I’m also becoming increasingly concerned about the spiritual side of the month. Over the past few months, I’ve often felt as if I’m living an upside-down life, where I hunger not to feed my body but to deprive it, where I feel more satisfied in abstaining from food than in consuming it. Many days, eating very little is the norm for me.  The usual reversal of daily routines that Ramadan brings about is just not the same this time around.

I worry about my current understanding of how I am controlling what I eat. I’m deeply aware that the anxieties around my body, the craving for control through limiting what I eat, and the guilt and stress of eating, lead me away from God. Over the past few months, before Ramadan began, abstaining from food has reinforced thought patterns about how I don’t deserve to eat, because I, or my body, am not “good enough.” I just don’t know if I have it in me to be able to take part in a religious practice that looks so similar to these patterns that damage my spirituality, and get benefit out of the practice instead. I don’t know if I can trust myself to fast “for the sake of God” when I have been effectively fasting for the sake of my own guilt and insecurities so much already this year. I can say the intention out loud, but it feels hollow: would my days really look much different if I weren’t “fasting for God’s sake”? And if not, then what does my intention here really mean? If it’s something I would more or less be doing anyway, then how can I say it’s for anything related to God?

Right now, when I limit or control my eating habits, this brings me away from the idea of God as Sustainer and Provider, who has blessed me with nourishment and sustenance. When I am wary of eating because of my perception of my body, it brings me away from the idea of God as Creator and Shaper, who has created each human in the best of forms. When I feel guilty about eating because I feel like my body is not yet good enough, I am turning away from the concept of God as the One who forgives us even when we don’t think we deserve it, and the only One who is truly perfect.

In other words, fasting – controlling what we eat and when, and emphasising abstaining from food for most of the day – has an uncomfortable number of similarities with practices that are currently hurting me spiritually.

It seems I’m not alone in this, and it’s probably not a surprise that religious practices involving fasting can be widely triggering for those with tendencies towards disordered eating, whether in Muslim or non-Muslim contexts.  There is so much to be gained from a month like Ramadan, but I wish it was easier to talk about some of the risks that fasting can bring.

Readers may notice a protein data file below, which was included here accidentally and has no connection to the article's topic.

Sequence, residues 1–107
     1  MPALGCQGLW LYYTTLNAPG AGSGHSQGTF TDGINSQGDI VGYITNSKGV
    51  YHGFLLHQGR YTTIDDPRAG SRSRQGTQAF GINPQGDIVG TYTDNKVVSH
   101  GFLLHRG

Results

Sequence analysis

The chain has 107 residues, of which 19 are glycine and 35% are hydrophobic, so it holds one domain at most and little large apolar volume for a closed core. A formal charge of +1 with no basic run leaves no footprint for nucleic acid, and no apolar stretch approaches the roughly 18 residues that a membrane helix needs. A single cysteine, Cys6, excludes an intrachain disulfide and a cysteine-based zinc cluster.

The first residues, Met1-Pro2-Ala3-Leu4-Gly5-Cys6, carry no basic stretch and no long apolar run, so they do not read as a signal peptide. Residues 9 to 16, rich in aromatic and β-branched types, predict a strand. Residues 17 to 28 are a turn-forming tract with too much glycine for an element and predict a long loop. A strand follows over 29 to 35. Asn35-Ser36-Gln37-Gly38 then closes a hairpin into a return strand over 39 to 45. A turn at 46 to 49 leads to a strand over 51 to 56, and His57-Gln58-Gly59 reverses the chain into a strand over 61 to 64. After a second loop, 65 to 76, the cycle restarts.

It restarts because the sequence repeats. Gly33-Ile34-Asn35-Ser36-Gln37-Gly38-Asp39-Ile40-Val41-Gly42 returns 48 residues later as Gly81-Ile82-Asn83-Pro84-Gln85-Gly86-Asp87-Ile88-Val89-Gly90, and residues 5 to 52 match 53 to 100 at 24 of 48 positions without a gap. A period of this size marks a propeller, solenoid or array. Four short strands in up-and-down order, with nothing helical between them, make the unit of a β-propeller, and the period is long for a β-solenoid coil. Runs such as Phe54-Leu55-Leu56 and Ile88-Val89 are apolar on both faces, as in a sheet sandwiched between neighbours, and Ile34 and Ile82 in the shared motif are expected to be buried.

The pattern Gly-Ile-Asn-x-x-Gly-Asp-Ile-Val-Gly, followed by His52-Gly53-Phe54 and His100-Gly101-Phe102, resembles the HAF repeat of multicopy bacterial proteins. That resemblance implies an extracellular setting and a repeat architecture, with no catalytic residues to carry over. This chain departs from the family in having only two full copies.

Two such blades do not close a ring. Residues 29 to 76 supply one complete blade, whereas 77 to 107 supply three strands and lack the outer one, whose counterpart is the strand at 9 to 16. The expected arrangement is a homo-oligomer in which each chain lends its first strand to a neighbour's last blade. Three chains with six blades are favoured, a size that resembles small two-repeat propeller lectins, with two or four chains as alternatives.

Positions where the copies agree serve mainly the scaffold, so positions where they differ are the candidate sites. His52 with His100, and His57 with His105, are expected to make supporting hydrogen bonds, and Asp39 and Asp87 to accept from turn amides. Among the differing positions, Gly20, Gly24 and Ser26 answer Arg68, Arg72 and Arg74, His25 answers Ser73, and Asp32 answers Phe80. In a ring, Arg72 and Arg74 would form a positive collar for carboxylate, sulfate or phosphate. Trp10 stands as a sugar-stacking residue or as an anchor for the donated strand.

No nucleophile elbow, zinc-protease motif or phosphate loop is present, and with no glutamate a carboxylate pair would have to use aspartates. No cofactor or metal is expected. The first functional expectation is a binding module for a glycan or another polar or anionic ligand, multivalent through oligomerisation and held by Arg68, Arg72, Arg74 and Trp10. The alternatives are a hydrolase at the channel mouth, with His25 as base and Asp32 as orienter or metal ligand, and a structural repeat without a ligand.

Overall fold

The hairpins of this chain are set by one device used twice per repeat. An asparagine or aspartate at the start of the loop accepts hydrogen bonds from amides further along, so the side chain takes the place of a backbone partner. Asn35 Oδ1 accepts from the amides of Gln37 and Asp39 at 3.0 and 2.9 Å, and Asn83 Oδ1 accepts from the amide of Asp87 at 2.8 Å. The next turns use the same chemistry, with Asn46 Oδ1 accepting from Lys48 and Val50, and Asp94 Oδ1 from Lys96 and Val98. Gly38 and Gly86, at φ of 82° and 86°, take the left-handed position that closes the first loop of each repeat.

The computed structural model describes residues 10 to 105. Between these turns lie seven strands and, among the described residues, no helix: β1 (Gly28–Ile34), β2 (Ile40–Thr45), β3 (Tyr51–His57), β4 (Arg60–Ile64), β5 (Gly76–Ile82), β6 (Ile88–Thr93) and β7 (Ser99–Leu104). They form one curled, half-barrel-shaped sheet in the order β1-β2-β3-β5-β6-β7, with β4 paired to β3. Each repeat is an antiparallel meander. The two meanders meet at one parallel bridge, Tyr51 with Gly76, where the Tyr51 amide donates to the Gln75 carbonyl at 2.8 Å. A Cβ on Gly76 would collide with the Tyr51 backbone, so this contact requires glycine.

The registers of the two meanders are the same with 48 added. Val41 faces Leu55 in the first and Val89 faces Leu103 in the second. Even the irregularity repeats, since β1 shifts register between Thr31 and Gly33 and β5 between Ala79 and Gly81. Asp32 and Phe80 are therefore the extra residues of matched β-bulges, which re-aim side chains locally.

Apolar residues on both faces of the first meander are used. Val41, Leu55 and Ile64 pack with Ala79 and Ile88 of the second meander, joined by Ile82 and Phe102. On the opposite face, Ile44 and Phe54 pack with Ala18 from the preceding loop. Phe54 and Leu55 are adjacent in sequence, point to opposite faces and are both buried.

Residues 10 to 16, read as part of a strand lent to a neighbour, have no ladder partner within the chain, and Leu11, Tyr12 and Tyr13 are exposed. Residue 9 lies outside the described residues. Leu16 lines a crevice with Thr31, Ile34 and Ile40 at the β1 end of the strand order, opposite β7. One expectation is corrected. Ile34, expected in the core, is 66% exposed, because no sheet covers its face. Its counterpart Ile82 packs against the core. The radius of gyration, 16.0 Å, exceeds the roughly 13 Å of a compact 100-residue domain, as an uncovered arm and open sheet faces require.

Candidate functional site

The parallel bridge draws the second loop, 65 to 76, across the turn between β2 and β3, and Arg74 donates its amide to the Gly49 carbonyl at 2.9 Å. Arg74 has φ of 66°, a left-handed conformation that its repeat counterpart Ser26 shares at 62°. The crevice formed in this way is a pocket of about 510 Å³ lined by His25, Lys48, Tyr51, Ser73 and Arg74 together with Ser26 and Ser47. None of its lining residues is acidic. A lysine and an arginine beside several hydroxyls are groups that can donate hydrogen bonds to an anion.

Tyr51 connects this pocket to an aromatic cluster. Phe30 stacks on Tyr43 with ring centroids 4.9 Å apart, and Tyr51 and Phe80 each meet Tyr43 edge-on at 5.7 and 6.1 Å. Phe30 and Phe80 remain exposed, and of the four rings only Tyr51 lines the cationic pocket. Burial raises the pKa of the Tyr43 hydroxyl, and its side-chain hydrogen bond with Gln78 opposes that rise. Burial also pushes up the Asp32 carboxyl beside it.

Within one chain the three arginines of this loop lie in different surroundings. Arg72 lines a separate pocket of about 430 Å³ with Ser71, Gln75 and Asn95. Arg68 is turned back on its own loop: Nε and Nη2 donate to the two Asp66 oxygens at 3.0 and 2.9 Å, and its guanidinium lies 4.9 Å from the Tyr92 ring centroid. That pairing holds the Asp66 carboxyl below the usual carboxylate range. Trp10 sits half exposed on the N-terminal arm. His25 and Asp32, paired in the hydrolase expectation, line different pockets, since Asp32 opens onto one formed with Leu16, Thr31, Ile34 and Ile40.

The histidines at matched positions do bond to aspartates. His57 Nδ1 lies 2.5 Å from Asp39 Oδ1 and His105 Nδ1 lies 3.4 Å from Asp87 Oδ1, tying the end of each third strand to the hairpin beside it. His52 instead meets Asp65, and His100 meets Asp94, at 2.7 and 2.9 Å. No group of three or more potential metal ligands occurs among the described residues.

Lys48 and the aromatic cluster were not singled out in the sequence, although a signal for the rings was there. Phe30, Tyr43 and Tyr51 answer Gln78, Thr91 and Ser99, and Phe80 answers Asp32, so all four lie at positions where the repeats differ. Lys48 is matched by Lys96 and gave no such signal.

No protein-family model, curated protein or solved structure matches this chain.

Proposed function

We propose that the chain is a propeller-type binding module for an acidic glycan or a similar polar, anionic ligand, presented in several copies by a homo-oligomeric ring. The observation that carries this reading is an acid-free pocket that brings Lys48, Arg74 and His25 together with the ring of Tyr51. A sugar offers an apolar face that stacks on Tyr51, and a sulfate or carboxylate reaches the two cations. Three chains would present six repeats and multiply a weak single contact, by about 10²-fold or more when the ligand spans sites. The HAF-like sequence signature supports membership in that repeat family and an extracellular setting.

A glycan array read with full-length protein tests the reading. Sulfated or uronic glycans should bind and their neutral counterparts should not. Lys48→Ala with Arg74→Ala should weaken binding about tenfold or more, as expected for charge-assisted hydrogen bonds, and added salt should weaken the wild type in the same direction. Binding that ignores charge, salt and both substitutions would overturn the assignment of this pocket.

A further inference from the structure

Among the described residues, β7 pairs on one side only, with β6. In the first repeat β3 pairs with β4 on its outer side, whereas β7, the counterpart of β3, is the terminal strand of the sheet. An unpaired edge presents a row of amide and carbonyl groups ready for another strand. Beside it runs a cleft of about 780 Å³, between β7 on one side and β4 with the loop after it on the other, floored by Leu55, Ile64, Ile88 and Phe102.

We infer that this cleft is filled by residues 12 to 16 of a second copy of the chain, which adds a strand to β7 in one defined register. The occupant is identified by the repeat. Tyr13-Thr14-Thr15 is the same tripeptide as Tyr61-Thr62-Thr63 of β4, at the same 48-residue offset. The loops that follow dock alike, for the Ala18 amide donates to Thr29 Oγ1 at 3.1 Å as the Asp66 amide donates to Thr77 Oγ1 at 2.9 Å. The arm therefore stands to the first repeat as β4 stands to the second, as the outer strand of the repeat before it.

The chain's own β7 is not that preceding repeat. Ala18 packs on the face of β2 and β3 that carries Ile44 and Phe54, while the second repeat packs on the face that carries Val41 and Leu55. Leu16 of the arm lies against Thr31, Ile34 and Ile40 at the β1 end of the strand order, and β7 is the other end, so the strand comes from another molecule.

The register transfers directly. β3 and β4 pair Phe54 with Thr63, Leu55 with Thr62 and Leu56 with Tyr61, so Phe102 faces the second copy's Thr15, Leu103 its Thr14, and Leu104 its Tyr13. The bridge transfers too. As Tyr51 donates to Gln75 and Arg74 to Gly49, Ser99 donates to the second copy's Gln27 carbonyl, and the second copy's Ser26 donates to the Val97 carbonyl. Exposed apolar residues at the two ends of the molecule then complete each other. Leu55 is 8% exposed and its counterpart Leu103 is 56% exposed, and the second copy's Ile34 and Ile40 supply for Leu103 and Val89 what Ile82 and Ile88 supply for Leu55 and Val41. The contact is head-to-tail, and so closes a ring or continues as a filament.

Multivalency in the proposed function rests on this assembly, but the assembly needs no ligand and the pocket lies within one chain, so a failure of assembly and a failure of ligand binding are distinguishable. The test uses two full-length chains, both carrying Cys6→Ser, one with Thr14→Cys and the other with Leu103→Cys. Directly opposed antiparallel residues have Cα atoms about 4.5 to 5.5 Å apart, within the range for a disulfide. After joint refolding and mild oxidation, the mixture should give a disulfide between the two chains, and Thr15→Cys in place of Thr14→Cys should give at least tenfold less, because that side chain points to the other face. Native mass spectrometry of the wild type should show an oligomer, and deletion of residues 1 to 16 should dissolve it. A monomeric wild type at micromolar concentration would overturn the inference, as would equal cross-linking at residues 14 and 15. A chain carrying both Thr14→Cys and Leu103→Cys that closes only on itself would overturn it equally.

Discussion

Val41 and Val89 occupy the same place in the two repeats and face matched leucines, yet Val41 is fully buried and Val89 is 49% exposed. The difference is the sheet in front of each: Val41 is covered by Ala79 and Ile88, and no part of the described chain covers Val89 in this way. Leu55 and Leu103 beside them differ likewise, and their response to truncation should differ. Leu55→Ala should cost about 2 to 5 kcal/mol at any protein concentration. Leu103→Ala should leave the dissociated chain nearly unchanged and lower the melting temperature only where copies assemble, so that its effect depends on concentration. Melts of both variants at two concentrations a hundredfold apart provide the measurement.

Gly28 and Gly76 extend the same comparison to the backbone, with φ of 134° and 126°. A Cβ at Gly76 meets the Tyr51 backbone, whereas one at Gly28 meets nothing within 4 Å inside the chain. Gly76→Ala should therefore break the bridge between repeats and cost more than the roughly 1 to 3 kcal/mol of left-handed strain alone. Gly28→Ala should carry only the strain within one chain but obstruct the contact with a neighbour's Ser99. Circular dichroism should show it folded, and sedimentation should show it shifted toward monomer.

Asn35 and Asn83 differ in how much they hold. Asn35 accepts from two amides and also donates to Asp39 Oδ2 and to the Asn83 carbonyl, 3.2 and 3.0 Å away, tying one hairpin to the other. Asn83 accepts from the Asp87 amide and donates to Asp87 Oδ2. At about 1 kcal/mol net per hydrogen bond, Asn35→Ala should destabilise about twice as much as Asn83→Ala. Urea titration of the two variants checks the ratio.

In many ways, a bigger leap of faith for me this year would be to pledge to eat regularly for an entire month: to accept the blessings of food gifted to me by my Sustainer, to honour its role in nourishing my body, whatever it looks like, and to give myself permission to let go of whatever ideals of perfection and control I have been imposing upon myself.

That sounds good in theory, and I think that’s my test this year.  I also know that it might be beyond what I am capable of achieving within only a month.

But as I begin this Ramadan, I am trying to gently remind myself that it is not only a month of fasting.  It is also a month where the food that we do eat can have immense blessing.  Instead of focusing on suppressing my desires, I hope that this Ramadan can move me towards learning to eat with gratitude and awareness.

Ramadan Mubarak

This is one day late (sorry!) but RAMADAN MUBARAK everyone!

May this Ramadan bring lots of blessings, happiness, health, and peace to everyone, fasting or not, practicing or not, insha’Allah.

Insha’Allah, this month I hope to engage in more self-care – physical, mental, and spiritual. And in the spirit of self-care I will be trying to post a few pieces on Ramadan, fasting, and mental health. This month is not the happiest for everyone and not easy for everyone. It can be challenging, not just physically, but also mentally, emotionally, and spiritually. Although we often hear about the physical challenges associated with Ramadan, our community rarely talks about the other challenges. It almost seems taboo. But I hope to explore these issues this month, insha’Allah.


Modesty Discourse, Women, and Bodily Entitlement

Dear fellow Muslims,

I am TIRED. Tired, tired, tired. Actually, sick and tired, of the modesty discourse within our Muslim communities. Like, very effing tired of it. It is dehumanizing, it is objectifying, and it is dangerous for women. And I need to rant.

But before I move on, I want to clarify two points.

First, that I am speaking of modesty discourses, or the messages surrounding modesty that are commonly promoted and believed in Muslim communities, and not women’s individuals choices to dress modestly. Women choose to dress modestly for a variety of reasons, including spiritual, personal, etc. This is not about them.

Second, the arguments I raise here are not in the least new. In fact, what I speak of is what many feminists in Canada, the US, etc. speak about today. None of this is specific to the Muslim community. All I am saying is that the misogyny and patriarchal oppression we see in mainstream Canadian and other Western societies is the same we see in Muslim communities, just expressed in different ways. Body policing, body shaming, and control of women’s bodies are universal phenomenon, as is the assumption that women are responsible for men’s sexual thoughts and behaviours. (Skim through any feminist blog and you will read countless examples.) And why wouldn’t Muslims be the same as others. We ALL live in patriarchal societies. All societies (with the exception of some small tribal societies here and there) oppress and objectify women. So non-Muslims need not get all high and mighty about this.